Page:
Reindustrialization

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Reindustrialization is the economic, social, and political process of organizing national resources for the purpose of re-establishing industries. The process proceeds as a result of a need to reinvigorate national economies.

Interpretations[edit]

China, India and South-East Asia were industrial powerhouse for major parts of human history.[1] These countries and regions suffered great loss of industrial production due to colonization during 18th-20th centuries. After many decades of their independence, these countries have started reindustrializing themselves. In last three decades, share of these countries in global industrial output has increased manifold.

In context of declining share of OECD in world GDP and outsourcing of manufacturing and services, reindustrialization is considered as a contrasts to deindustrialization, the process under which industry, especially manufacturing, is relocated outside of a country's borders, and seeks to reverse that trend.

No longer the preserve of BRICs or South-East Asian countries, the notion of reindustrialization seems to be making inroads in the political discourse of populist policy makers in the developed economies of Western Europe and North America: notably France and the United States - where the rise of Trumponomics may potentially challenge some of the free trade tenets of the neoliberal "Washington Consensus".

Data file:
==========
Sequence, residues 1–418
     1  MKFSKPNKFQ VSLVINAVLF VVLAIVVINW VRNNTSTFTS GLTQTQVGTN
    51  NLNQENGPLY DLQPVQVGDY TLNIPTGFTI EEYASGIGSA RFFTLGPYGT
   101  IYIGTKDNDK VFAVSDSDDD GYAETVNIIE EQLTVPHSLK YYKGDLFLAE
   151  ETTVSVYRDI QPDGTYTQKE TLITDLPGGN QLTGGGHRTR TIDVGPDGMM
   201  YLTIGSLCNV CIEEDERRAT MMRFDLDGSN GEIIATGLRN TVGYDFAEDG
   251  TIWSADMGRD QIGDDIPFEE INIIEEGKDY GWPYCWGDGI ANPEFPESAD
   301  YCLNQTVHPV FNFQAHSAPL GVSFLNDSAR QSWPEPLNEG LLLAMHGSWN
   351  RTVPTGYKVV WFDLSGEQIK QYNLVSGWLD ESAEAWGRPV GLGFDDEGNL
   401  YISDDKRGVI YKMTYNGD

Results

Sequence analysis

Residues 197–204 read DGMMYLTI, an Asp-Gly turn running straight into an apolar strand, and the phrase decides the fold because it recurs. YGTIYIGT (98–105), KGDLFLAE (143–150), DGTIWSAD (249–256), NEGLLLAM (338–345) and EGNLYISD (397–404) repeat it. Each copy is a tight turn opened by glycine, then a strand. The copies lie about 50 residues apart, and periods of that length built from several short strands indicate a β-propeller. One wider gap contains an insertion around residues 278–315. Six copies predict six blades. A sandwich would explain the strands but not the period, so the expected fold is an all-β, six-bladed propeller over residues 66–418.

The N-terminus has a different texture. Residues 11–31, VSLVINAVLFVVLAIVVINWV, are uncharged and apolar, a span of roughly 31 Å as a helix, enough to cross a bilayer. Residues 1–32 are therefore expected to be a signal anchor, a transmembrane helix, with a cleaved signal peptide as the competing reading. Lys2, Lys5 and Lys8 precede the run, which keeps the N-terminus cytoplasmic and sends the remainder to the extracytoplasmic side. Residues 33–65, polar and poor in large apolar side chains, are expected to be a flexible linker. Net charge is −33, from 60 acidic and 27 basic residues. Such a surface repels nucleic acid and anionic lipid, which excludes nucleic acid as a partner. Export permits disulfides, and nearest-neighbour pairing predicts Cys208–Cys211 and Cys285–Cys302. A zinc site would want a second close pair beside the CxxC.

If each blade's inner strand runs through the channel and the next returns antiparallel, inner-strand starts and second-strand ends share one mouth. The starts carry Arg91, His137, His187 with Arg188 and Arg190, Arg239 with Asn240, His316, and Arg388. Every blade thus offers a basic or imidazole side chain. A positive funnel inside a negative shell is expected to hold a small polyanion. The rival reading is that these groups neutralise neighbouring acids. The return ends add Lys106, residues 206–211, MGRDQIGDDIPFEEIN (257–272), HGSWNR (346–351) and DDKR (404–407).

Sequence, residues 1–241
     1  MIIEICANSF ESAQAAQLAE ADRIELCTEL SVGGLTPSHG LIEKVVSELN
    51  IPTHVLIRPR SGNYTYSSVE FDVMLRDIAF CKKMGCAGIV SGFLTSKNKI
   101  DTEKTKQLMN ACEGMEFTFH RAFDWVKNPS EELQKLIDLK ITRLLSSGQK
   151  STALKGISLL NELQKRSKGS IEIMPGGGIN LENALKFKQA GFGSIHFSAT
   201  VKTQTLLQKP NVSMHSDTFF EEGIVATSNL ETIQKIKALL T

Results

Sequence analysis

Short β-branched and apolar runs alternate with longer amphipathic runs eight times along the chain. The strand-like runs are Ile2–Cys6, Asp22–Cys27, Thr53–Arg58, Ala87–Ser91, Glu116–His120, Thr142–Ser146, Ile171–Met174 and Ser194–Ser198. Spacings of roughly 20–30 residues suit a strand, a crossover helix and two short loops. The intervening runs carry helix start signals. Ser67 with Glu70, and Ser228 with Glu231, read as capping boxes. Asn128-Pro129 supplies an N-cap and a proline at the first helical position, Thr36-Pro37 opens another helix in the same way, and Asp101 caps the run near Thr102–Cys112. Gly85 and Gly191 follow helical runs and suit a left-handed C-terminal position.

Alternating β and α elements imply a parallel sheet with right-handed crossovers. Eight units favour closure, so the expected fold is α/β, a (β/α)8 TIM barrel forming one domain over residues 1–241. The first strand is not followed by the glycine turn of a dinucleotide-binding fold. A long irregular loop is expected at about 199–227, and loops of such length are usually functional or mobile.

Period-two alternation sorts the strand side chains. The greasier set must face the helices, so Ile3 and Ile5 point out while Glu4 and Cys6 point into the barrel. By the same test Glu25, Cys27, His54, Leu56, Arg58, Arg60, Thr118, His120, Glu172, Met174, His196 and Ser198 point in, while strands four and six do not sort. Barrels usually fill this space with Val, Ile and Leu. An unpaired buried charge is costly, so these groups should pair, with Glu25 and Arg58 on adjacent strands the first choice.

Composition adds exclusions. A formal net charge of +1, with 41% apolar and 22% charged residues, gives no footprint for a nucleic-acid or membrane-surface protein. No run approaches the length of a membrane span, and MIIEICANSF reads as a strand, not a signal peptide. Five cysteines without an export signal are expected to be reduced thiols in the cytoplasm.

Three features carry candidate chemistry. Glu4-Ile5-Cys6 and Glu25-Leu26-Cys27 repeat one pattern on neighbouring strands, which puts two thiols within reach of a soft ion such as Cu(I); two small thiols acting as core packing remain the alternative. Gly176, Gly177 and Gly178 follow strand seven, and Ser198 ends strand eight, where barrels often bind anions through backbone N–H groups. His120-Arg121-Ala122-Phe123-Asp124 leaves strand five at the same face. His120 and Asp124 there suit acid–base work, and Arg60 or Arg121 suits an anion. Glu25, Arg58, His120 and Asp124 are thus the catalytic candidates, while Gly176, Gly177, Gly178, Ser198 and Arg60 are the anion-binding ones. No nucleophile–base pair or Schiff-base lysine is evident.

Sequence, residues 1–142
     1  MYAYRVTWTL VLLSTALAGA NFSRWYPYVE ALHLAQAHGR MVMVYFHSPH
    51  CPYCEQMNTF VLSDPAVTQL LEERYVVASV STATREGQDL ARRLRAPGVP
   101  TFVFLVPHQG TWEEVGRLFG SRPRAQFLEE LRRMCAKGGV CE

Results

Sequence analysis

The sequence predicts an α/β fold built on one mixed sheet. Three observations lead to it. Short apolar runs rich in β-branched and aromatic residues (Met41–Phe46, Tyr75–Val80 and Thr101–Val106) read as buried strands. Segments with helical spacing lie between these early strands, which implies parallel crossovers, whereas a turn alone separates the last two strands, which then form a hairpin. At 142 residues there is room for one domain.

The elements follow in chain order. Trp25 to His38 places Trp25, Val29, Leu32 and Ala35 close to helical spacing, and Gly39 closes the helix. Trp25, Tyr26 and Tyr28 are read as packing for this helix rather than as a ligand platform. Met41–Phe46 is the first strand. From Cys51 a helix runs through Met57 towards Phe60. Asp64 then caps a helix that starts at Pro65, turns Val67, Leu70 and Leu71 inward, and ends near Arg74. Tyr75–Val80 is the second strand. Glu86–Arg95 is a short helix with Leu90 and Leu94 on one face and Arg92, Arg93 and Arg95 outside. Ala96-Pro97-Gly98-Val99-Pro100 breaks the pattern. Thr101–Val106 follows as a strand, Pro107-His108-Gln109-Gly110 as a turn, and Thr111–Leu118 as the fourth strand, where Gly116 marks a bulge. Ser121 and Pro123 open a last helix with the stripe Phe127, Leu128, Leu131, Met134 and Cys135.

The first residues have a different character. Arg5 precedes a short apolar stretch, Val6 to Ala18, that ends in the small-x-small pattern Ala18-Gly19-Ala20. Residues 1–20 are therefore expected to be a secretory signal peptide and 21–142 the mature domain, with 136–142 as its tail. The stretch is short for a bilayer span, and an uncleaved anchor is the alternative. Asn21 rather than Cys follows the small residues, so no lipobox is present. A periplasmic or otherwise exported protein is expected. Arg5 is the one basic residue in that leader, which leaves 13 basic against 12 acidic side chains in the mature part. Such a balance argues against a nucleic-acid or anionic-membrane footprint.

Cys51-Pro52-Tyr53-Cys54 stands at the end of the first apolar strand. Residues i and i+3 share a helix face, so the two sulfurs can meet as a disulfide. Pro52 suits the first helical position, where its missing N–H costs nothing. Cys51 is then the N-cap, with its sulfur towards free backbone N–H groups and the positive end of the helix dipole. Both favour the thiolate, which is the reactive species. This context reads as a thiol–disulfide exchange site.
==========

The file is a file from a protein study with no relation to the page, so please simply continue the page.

Causes of Reindustrialization[edit]

  1. In context of Asian economies, reindustrialization is a natural process of economic growth in which former industrial powerhouses China, India and South-East Asia are re-establishing their economies
  2. Advocates of reindustrialization believe that manufacturing and other industrial jobs are more socially and economically desirable than jobs in the service sector or finance.
  3. Military or national security concerns motivate reindustrialization policies, reflecting a desire for self-sufficiency and fear for trade routes and supply lines in times of conflict.
  4. Reindustrialization policies may reflect concerns over the balance of trade.[2][3]

See also[edit]

References[edit]

  1. ^ Angus Maddison (2006), "The World Economy", OECD Publishing,ISBN 92-64-02261-9 Page 263
  2. ^ Tregenna, Fiona. "Manufacturing Productivity, Deindustrialization, and Reindustrialization". United Nations University. Retrieved February 2, 2012. 
  3. ^ Shute, Toby (Nov 30, 2010). "How to Get Positioned for America's Reindustrialization". The Motley Fool. Retrieved February 2, 2012. 

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